The Expert's View with Christopher Paidhrin

The REAL Security Threat

The REAL Security Threat

The Gartner Group's John Pescatore said it well in a recent interview: "You know the real issue we see today [] most data disclosure incidents happen because of a mistake an employee made, not because of malicious insiders, not because of super-duper clever attackers, but really because of a mistake the user made."

Thank you John for making my point: It's about people, and whether or not they are attentive to their shared responsibility for maintaining an organization's IT security and protecting patient health information.

"Accountability begins with a workforce that knows their roles and responsibilities and it ends, well, it never ends." 

Every day, it seems, there is yet another news story about on-line ID theft and hacker intrusions into businesses and government agencies. Cybercrime is real, growing and a significant concern. But in healthcare, the source of concern is much closer to home.

The list of breaches prepared by the Department of Health and Human Services helps illustrate that, at least in healthcare, inattentive care and handling of protected health information, or PHI, is a people issue.

Between September of 2009 and the middle of February 2010, more than 1 million health records have been lost or stolen, according to the mandatory reporting of PHI breaches on HHS's Office for Civil Rights web site. Remember, this site only publicizes breaches when the incidents involve more than 500 records. In other words, this is the tip of the PHI breach iceberg.

Of the 47 published incidents, the loss or theft of laptops and portable devices account for 20 (42%); the theft of desktops and servers, 13 (28%); and paper and film another 9 (19%). Of the remaining five (11%) incidents, three involve mailings/postcards and two for e-mail/phishing.

I acknowledge that the sampling is very small not withstanding a million lost records but there is a remarkable absence here cybercrime. Even if we allow the two e-mail/phishing incidents to be grouped into the cybercrime category, the majority of losses involve the theft or loss of mobile devices or paper.

Of the million-plus records, only 1,286 were lost electronically, that is, lost through e-mail or phishing attacks. Healthcare vulnerabilities seem to be related to security controls, or lack of them, and how workers care for PHI.

One sure solution is to encrypt everything, wherever possible. The HITECH Act explicitly exempts encrypted PHI from the breach reporting requirements. Encrypted laptops, desktops and mobile media would address the vast majority of lost records. Encryption is the cheapest, surest, best PHI protection.

The HITECH Act adds teeth to HIPAA by expanding the criteria for accountability, down to the individuals involved. It is accountability that drives compliance.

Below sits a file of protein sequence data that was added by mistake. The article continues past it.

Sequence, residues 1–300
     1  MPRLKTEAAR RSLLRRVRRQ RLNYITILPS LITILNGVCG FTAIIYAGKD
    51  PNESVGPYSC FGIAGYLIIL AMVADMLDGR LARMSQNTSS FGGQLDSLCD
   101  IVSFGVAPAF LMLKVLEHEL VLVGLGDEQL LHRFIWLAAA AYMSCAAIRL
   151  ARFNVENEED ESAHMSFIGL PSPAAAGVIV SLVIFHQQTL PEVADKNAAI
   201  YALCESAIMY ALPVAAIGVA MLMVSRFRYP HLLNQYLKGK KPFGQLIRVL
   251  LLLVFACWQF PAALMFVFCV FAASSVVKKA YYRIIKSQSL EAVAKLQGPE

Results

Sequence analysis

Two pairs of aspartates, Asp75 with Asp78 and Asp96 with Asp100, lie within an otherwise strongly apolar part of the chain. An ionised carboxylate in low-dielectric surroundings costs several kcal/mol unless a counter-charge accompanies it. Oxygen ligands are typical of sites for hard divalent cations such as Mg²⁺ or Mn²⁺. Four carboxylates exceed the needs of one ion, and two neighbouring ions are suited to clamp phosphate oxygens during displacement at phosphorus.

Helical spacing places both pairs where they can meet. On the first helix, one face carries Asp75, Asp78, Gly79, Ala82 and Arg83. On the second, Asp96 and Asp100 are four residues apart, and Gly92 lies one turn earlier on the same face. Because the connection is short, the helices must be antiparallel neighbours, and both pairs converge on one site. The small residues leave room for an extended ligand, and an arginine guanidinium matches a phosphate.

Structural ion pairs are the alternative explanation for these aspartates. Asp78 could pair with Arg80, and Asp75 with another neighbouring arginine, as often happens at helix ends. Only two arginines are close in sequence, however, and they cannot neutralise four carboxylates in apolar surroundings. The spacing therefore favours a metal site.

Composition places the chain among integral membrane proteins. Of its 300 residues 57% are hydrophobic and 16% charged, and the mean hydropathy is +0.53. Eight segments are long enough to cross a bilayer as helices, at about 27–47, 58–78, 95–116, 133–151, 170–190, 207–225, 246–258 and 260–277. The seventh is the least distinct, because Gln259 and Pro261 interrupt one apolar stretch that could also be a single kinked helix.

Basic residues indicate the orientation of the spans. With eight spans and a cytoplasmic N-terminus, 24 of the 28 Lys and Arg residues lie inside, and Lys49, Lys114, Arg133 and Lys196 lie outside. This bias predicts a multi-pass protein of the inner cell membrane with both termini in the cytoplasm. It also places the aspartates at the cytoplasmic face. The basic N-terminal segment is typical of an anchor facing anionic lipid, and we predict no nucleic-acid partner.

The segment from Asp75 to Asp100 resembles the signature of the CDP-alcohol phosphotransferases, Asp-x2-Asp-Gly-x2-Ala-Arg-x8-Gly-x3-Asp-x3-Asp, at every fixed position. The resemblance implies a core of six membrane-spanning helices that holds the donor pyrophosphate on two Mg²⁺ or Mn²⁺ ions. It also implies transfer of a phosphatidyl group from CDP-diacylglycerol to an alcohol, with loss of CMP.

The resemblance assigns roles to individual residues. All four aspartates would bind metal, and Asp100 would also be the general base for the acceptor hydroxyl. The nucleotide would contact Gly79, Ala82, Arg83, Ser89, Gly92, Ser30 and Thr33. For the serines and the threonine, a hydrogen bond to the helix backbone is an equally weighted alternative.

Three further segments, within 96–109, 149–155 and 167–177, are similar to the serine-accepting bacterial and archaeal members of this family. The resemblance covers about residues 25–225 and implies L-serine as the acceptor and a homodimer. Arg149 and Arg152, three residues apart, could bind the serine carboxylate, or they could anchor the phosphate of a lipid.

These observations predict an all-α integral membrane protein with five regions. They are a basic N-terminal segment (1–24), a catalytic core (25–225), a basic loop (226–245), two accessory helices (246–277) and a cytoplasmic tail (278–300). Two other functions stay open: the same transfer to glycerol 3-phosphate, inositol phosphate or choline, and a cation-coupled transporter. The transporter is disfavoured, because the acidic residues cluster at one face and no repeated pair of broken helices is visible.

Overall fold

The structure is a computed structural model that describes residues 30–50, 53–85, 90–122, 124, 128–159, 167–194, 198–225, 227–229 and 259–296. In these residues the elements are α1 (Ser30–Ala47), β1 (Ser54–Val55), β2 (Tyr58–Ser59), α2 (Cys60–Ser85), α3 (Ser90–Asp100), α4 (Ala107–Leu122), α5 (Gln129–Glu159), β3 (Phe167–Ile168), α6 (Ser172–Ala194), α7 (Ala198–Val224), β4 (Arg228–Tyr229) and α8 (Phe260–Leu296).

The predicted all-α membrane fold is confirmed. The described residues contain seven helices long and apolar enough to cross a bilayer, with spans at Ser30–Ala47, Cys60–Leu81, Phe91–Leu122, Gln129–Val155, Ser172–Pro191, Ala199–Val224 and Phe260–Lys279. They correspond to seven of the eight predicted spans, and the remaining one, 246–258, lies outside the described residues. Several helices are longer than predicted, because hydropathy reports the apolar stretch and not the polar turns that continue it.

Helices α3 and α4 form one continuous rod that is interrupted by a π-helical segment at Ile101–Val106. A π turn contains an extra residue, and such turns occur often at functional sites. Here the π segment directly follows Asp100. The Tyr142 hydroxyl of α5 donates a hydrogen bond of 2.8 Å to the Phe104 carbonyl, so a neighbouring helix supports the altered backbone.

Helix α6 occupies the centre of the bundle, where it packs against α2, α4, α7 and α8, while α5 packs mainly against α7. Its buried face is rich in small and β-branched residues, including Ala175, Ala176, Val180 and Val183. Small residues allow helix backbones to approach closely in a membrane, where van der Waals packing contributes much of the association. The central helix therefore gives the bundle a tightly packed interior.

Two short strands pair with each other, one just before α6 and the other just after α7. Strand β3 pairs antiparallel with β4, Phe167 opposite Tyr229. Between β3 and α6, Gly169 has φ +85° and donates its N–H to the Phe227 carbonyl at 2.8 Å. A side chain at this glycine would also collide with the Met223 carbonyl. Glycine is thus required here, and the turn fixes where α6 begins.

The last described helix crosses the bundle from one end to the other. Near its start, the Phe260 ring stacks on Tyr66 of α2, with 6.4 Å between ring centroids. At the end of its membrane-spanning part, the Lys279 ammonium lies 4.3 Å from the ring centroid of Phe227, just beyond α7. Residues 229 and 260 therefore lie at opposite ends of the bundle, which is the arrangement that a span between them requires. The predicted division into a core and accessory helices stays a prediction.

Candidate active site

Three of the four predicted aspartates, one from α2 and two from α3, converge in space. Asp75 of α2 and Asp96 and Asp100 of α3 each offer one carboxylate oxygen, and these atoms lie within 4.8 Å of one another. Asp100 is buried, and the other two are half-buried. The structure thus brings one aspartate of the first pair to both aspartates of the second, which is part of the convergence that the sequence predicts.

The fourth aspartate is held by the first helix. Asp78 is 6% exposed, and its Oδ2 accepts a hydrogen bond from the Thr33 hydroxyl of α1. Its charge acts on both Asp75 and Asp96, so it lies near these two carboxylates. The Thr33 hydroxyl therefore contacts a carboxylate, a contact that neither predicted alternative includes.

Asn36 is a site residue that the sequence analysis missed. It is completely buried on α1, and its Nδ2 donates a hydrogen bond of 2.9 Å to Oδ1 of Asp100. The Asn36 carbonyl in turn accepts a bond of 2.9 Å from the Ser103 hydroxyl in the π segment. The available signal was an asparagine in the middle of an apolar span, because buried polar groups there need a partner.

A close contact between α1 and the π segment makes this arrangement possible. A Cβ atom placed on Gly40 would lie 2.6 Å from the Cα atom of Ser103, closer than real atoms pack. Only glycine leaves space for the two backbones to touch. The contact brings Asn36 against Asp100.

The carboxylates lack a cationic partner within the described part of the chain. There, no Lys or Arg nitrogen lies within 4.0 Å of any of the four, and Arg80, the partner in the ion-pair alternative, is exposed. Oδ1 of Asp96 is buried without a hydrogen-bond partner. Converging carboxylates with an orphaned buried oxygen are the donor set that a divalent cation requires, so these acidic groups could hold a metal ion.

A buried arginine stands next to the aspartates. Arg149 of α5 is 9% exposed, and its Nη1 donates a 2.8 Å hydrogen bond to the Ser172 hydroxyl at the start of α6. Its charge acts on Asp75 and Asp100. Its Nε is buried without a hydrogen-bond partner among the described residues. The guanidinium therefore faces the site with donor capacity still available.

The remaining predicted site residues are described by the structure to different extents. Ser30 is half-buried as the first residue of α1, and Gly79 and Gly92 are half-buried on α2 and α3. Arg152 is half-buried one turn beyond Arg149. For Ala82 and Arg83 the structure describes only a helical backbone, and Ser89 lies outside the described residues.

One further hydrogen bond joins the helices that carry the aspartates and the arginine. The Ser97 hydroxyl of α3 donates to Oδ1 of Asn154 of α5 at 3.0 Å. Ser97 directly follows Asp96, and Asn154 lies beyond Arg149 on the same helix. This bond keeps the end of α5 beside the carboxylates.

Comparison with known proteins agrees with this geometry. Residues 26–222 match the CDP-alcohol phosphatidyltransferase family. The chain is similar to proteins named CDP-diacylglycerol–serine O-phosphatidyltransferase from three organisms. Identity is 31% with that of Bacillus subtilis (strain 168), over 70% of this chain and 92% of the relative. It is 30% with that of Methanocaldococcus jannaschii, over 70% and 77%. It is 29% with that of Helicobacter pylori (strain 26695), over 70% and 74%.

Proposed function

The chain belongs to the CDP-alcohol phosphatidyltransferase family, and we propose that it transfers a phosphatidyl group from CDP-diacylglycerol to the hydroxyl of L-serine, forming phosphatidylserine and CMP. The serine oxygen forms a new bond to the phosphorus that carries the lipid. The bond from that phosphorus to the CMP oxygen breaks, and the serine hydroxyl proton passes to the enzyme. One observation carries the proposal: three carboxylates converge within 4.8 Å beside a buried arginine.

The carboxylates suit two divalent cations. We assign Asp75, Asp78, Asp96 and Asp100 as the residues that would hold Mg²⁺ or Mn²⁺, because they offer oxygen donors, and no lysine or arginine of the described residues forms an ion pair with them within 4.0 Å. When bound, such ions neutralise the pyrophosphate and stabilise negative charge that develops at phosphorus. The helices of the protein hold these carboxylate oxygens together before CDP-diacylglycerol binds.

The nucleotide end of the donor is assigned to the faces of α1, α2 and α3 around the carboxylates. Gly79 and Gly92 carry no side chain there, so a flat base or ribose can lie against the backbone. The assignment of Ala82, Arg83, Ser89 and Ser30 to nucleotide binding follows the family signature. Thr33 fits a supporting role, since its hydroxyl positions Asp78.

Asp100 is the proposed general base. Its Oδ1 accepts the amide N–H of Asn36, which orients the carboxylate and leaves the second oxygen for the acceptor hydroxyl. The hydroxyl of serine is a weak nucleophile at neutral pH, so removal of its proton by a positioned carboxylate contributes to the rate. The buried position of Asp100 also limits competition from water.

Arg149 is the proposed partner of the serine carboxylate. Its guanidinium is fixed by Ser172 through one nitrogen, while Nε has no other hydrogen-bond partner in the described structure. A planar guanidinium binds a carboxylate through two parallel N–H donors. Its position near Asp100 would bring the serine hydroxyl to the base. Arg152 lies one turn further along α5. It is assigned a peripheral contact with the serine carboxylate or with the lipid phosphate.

Accountability begins with a workforce that knows their roles and responsibilities and it ends, well, it never ends.

No matter how mature an organization's IT security program is, the workforce must remain attentive if privacy and security are to be maintained. Each workforce member needs to own their share of responsibility as a custodian of PHI. Each healthcare organization needs to hard-wire into their services, environment and workers a culture of accountability. Our patients expect nothing less.

Compliance comes not from avoiding the need for security controls and workforce training; it comes from fostering and developing a culture of accountability.

The HHS web site shows how even one incident of unsecured PHI involving more than 500 records can get you national recognition. A second incident will almost guarantee a visit from the HIPAA/HITECH enforcement team.

What does it take to raise organizational awareness to recognize that healthcare also includes the care of our patient's PHI? Hopefully, not the public recognition of inclusion on the HHS breach list.

Christopher Paidhrin is the IT security compliance officer at Southwest Washington Medical Center in Vancouver, Wash. He has worked for many years in IT and business operations, in higher education, the private sector and entrepreneurial environments, where he has held numerous director-level positions.

About the Author

Christopher Paidhrin

Christopher Paidhrin

Chief Information Security Officer, City of Portland

Prior to his role at the City of Portland, Paidhrin was the security administration and integrity manager in the compliance division of PeaceHealth, a healthcare delivery system in the Pacific Northwest, where he worked for 14 years. He previously served as PeaceHealth's IT security compliance officer. Prior to PeaceHealth, Paidhrin worked for many years in IT and business operations in higher education, the private sector and entrepreneurial environments, where he has held numerous director-level positions. He has also presented at numerous industry events.

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